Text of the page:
April is Financial Literacy month, a month to focus a lot more energy than usual into pursuing knowledge about financial terms and topics. It’s a month to learn things you never knew about money and revisit things you may have learned but have forgotten. We all need a refresher every now and again and this month is dedicated to increasing your financial knowledge and in turn your financial security.
There is only one problem I see with Financial Literacy month and that is that it’s called Financial Literacy month and not Financial Literacy and Action month. Knowledge is nothing without action! No matter how much you learn, you have to put that knowledge to use in your own life for it to do any good at all.
Baker at Man vs. Debt seems to know what I mean because he recently published an article titled 24 Quick Actions You Can Do Today That Can Change Your Financial Life Forever. Action of any kind will change your life forever, but financial action can have huge effects on your future if done today. So while learning about emergency funds this month, start or improve yours! When you learn something new about investing this month, start using it in your own portfolio! Turn this month’s focus on financial literacy into real and positive change for you future.
Reading these articles is another action you won’t regret:
How to Write a Resume That Stands Out: 6 Tips to Help You Get Ahead
Resume writing is a skill and with jobs getting even tighter every day, having a stand-out resume will be a huge asset in that quest for the paycheck. [Everyday Tips and Thoughts]
Surround Yourself with Like-Minded Savers
Your friends and family – those you are closest to and spend the most time with have a huge affect on who you are. By surrounding yourself with people like you and like you want to be, you have a far better chance of succeeding and getting where you want to be. [The Sun's Financial Diary]
Start with $10,000 and Retire a Millionaire
When it comes to retirement, starting early is your biggest weapon. This article timelines how age and money relate to each other when it comes to retirement. [Smart Money]
Afraid to Swipe? One Way to Increase Debit Card Safety
Humans make mistakes, that’s what makes us human. That’s why it’s important to create backup systems that ensure that we meet our goals and succeed. Those systems can also protect us from other people’s mistakes or attacks. [Fiscal Fizzle]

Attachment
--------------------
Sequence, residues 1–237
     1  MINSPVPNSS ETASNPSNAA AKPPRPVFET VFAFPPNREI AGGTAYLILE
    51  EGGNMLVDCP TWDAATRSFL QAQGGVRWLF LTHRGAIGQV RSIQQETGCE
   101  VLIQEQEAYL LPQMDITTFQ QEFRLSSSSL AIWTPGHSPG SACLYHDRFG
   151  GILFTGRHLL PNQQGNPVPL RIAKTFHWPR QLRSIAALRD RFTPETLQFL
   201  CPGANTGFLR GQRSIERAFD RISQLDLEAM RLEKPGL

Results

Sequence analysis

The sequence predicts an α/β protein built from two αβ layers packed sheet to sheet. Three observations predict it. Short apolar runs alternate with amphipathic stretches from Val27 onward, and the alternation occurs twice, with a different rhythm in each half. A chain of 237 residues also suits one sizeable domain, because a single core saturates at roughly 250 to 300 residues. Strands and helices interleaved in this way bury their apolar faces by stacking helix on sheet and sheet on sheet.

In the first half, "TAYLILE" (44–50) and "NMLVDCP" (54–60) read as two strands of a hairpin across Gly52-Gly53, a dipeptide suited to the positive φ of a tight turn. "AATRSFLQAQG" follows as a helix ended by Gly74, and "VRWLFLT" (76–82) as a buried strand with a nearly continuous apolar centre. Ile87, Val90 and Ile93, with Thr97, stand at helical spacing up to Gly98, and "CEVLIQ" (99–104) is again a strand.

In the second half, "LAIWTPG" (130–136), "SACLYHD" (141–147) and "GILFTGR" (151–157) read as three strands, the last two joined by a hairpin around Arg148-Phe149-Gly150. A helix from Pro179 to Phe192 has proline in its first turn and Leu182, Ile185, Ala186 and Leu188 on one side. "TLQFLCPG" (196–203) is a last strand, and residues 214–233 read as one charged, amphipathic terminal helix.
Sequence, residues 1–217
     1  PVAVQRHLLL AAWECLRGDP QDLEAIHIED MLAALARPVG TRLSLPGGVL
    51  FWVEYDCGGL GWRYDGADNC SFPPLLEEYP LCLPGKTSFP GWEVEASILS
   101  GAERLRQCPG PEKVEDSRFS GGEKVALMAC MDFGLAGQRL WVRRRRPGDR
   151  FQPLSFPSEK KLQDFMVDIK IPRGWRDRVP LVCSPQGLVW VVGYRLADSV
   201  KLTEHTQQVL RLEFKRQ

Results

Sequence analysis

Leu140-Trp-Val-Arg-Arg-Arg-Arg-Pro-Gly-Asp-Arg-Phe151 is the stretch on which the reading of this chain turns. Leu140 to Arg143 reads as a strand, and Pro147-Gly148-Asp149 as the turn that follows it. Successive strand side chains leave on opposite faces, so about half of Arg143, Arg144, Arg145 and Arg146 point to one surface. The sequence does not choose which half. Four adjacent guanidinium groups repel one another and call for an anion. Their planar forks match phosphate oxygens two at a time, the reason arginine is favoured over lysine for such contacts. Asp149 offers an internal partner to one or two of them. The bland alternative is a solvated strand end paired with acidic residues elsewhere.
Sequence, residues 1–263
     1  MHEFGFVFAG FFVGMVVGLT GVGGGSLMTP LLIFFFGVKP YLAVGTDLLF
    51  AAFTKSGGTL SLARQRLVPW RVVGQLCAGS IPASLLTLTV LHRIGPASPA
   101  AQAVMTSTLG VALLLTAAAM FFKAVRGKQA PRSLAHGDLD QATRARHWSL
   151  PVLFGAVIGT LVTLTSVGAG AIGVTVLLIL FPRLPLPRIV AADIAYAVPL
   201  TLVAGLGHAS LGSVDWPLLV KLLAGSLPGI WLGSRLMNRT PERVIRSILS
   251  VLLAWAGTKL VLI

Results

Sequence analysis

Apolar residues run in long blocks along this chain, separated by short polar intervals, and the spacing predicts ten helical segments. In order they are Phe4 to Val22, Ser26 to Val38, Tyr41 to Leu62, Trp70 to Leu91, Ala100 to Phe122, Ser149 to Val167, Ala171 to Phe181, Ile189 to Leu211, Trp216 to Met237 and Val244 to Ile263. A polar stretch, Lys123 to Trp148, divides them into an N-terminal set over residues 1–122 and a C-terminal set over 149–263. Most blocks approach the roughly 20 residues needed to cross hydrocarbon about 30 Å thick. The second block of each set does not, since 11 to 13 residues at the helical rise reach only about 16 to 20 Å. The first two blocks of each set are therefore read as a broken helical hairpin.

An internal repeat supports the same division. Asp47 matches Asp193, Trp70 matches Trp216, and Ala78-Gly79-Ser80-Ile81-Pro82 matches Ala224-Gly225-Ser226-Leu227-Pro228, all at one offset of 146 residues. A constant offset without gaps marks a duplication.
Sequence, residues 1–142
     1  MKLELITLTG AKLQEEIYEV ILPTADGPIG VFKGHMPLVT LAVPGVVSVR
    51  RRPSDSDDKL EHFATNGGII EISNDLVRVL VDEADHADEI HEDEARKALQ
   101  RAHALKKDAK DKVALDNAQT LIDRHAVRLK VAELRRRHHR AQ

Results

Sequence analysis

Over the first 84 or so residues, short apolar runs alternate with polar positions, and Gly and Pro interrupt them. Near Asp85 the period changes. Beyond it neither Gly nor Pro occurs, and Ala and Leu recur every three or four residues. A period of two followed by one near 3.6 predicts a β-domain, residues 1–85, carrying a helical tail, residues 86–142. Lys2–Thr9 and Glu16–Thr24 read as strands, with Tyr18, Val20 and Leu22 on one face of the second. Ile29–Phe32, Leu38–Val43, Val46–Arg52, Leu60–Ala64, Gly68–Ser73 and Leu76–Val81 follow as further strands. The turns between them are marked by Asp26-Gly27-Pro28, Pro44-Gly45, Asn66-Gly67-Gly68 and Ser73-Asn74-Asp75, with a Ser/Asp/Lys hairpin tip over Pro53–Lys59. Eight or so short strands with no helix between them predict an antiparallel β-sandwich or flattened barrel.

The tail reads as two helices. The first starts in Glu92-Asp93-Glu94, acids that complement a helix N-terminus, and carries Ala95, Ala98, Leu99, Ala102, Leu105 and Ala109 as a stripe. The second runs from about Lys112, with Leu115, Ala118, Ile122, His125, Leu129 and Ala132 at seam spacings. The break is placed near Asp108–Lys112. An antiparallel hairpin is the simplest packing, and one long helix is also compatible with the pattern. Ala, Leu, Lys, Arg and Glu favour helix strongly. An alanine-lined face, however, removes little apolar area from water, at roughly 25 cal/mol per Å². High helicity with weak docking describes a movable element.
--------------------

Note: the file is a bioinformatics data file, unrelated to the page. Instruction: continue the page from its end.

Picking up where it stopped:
Ten Ways to Pay for College Without Going Into Debt
College is one of the biggest expenses of your early life but it really doesn’t have to be. Here’s how to avoid the cost and still get smart. [Five Cent Nickel]
5 Top Tips for Cooking at Home
Cooking at home can save you bundles of money, but it’s a pain! Here are some ways to make things easier on yourself when cooking at home so you can have the best of both worlds. [Stupid Cents]
Will the 30 Year Mortgage Go the Way of the Dodo Bird?
The 30 year mortgage has been around as long as I can remember and helps people who can’t really afford a house, afford a house. If it is to fade into history, is early life home ownership going to follow? [The Wisdom Journal]
Banks Aren’t So Bad
Banks, who needs em! Oh wait, maybe we do. While banks really took some heat these past few years, they do provide the world with some services that other organizations can’t. [Credit Karma]
How to Avoid Frugal Fatigue
We all get tired, that’s normal. But when you get tired of being forever frugal, don’t break the bank in an effort to let loose. Remember what you’ve worked for! These other tips can help. [Bargaineering]
How Getting Dirty Can Save You Money
Would you ever consider going without essentials to save money? Essentials like soap and shampoo? Well others are doing it, you might as well try! [Learnvest]
(photo credit: Shutterstock)